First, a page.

Keep your finances simple by letting technology foot some of the hard work. I love banks that let me set up auto-transfers to other bank accounts.
It keeps money going directly to savings and out of my hands completely. I get used to the transfers happening and write them down in my transaction register every week without thinking about it.
Set yourself up with a bank account with auto-transfers to another account that you can use to pay off your debt.
I like the simplicity of Capital One 360’s accounts and auto-transfers because I can instantly move money between accounts and set up recurring transfers.
Set up transfers weekly by taking your full budget for extra cash to put toward your debt and splitting it up into four weeks. At the end of the month, put all that money you transferred to your preferred debt. You’ll find that you’re less tempted to spend that money when you know it’ll get whisked away for a good cause.
5. The Debt Avalanche
There are a lot of ways to tackle debt, but two of the most popular methods are what’s known as the debt avalanche and the debt snowball.
They work using the same technique: tackle one debt at a time and, as you pay each one off, use the money you were paying on that debt toward the next one on the list. The strategy you use for each one will be different though.
The debt avalanche focuses on paying off your debts with the highest interest rates first.
These are usually credit cards, which tend to have interest rates that hover between 14% and 26%. If you’re paying only the minimum on these cards, you’re probably paying mostly interest.
The debt avalanche helps you pay off high-interest balances first so that more of your money can go toward principals on other debts.
Write down all your debts with their interest rates and minimum payments. Include student loans, car loans, and any other obligations. Line them up with the highest-interest debt first.
This is the one you’ll focus on paying off right now.
Also, write down how much you can afford to spend monthly on your debt payments. Subtract the total of minimum payments for all debts from this number to get your surplus.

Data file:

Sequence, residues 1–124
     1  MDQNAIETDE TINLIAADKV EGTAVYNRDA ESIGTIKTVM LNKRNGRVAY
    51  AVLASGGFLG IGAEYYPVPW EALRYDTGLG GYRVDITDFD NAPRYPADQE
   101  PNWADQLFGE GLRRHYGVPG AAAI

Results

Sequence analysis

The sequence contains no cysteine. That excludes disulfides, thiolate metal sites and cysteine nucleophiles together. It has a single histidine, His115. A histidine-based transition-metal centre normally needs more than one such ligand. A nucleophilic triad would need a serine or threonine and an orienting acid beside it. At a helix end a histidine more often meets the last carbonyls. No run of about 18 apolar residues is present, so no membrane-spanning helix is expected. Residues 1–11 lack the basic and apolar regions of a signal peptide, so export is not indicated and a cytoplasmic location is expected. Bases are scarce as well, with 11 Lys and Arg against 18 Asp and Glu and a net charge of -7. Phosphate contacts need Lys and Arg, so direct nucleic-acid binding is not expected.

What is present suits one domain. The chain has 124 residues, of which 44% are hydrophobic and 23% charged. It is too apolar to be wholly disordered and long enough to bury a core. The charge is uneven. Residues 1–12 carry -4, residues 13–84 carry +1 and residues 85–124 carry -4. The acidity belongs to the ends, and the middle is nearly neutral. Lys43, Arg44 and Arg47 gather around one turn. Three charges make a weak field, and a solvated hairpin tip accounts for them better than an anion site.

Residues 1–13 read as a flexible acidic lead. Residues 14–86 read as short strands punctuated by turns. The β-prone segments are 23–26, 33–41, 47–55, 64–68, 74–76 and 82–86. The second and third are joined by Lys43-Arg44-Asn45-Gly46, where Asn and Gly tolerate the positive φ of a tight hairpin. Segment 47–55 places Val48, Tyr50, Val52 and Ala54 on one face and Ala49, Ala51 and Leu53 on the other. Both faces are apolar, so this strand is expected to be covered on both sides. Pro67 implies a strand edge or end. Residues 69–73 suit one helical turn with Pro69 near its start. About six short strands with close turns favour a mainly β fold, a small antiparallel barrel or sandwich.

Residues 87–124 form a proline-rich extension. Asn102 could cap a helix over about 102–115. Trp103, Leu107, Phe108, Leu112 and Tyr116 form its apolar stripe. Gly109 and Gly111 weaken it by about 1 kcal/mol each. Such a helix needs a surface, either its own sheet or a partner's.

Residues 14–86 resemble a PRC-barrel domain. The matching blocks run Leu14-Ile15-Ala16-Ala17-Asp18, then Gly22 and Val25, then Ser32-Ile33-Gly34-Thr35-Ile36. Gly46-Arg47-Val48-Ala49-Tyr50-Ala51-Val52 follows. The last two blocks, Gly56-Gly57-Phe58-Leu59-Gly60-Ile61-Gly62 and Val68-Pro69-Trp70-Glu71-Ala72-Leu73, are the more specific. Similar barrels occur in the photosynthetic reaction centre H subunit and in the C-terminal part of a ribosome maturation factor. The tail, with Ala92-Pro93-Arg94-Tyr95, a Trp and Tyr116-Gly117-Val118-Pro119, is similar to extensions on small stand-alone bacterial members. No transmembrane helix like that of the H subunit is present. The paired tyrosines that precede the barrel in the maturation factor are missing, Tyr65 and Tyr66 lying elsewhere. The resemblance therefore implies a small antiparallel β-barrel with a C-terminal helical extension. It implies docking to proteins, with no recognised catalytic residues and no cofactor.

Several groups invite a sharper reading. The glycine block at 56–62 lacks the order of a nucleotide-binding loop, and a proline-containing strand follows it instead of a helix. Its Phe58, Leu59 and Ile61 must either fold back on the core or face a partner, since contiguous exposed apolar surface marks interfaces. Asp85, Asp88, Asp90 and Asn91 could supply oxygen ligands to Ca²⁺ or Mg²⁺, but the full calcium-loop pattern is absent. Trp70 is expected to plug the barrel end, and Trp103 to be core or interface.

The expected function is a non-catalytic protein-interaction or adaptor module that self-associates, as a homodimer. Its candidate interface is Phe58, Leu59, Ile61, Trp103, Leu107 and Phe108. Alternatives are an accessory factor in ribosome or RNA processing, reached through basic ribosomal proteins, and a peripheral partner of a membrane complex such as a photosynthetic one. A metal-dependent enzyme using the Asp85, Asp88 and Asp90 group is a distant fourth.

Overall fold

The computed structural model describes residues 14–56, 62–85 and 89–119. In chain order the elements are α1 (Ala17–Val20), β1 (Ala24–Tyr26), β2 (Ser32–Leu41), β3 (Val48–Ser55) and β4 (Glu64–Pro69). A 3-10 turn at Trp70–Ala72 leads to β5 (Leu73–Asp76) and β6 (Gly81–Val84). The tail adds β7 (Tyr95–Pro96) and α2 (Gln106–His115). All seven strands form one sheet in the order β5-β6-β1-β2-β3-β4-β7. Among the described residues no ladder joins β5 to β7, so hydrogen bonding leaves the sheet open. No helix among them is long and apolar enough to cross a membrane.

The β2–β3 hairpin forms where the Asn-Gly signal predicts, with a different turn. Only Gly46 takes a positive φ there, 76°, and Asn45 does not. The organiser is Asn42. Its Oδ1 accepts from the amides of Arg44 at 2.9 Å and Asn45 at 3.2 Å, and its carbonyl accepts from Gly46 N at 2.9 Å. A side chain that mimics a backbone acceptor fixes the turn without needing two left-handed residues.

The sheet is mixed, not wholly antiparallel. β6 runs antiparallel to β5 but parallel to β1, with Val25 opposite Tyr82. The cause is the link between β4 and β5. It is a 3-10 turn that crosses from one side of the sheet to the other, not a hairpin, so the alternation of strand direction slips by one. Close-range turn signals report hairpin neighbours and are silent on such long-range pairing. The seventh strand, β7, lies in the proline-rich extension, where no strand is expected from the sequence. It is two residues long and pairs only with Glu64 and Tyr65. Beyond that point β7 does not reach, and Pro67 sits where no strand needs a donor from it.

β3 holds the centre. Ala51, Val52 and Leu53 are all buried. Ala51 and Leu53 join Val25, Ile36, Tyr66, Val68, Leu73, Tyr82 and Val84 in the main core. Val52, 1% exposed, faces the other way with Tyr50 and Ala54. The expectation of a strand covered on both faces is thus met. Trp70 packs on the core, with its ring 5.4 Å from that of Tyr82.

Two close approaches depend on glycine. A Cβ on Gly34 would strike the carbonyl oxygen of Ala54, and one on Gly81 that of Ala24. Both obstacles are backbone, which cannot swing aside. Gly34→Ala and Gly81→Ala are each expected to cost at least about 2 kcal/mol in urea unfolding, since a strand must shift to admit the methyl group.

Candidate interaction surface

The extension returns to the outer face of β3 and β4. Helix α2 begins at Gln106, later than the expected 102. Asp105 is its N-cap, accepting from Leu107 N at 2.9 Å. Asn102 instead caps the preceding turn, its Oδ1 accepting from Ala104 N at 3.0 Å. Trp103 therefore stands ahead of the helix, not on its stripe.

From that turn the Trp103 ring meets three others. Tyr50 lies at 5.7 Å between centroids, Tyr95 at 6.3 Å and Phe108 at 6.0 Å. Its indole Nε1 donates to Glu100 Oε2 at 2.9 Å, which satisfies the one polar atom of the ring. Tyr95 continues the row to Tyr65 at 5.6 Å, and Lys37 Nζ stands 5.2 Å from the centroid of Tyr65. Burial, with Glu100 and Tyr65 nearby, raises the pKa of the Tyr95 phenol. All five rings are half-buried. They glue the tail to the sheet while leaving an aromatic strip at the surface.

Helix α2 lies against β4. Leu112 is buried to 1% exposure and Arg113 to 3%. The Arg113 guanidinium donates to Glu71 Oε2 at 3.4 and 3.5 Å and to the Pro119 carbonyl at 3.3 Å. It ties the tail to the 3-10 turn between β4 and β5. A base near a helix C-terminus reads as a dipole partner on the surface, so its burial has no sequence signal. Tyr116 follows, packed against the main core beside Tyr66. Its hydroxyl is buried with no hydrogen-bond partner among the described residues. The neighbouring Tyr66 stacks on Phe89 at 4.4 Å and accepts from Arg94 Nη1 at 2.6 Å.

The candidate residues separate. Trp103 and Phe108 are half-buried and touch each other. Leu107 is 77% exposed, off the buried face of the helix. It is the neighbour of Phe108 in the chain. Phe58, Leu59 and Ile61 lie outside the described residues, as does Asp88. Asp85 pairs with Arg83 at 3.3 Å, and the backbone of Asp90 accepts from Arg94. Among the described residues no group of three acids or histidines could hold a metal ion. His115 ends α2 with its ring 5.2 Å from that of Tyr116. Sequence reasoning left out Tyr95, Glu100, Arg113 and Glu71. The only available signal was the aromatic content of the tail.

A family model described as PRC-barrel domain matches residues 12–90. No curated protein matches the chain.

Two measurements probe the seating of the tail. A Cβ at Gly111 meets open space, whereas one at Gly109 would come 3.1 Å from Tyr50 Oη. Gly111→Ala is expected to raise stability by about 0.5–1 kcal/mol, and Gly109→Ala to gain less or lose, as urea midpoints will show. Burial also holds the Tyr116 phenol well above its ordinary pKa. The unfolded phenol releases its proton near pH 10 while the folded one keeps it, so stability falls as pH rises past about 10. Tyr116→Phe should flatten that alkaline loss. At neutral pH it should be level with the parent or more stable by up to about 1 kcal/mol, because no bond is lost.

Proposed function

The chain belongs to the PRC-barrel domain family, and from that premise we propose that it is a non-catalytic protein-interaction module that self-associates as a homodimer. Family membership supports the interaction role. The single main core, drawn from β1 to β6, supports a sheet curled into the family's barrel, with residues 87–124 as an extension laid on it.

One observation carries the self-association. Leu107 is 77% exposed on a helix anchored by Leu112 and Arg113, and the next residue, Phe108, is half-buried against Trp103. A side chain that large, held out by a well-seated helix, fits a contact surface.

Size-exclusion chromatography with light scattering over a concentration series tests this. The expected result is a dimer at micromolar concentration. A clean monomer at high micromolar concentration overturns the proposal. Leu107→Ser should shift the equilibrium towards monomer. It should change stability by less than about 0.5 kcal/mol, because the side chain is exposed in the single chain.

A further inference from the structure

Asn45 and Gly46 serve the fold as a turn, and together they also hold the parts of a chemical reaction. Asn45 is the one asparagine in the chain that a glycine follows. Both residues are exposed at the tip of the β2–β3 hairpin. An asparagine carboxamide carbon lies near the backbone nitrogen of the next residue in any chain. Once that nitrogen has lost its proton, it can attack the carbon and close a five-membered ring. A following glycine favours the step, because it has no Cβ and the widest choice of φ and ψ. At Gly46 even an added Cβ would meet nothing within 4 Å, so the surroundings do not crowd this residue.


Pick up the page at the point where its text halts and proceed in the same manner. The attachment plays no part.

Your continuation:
If you can pay $800 per month and your minimums equal $500, your surplus is $300.
Your surplus will go toward the first debt on your list every month, in addition to the minimum payment, until it’s paid off. Remember to adjust your surplus as needed if your income varies month-to-month.
6. The Debt Snowball
An avalanche happens when snow tumbles down and wipes out things in its path below, much like you’re doing when you pay off high-interest debt first to make it easier to crush your other debts.
Think of the debt snowball as the opposite: you start with small debt and work your way to the larger ones, much like how you’d start a little snowball and make it larger by adding snow.
The idea behind the debt snowball is that, once you get a small debt paid off, you’ll motivate yourself to keep your eye on the prize of being debt-free. It’s an excellent technique to use if you’re struggling to find the drive to keep paying off your debt.
Write down all your debts and then order them from the smallest to the most significant debt. Don’t worry about interest rates or minimum payments; you only need to focus on your balances. The debt with the smallest balance will be your focus for now.
Use the same technique for creating a surplus as you would for the debt avalanche. Your surplus amount will go toward your smallest debt every month until it’s paid off.
If your debt is only $200, you can pluck away at it fast and then use the payment for that debt toward your next.
7. Get a No-Interest Balance Transfer Card
Some people shy away from opening a new credit card when they already have balanced piling up.
If you’re responsible with your cards (or at least know that you can be now), then there’s no reason to be afraid of having a new credit card. In fact, the right card can be incredibly helpful in your efforts to pull yourself out of debt.
What you need is a credit card that’s meant for balance transfers. These cards will let you transfer balances from other cards for zero interest for a specific number of months, usually between 9 and 15.
The more months you have, the better, because you’ll have more time to spread out your payments and get your balance paid off.
Say you have a credit card with a 23% interest rate and a balance of $2500. If you pay $200 a month, it will take you 15 months to pay it off and you’ll pay almost $400 in interest.
When that balance is on a zero-interest credit card, you can pay it off in 13 months, all toward the principal balance.
Be sure to look for a card with no balance transfer fees or annual fees that will increase your balance.
8. Get a Loan from a Credit Union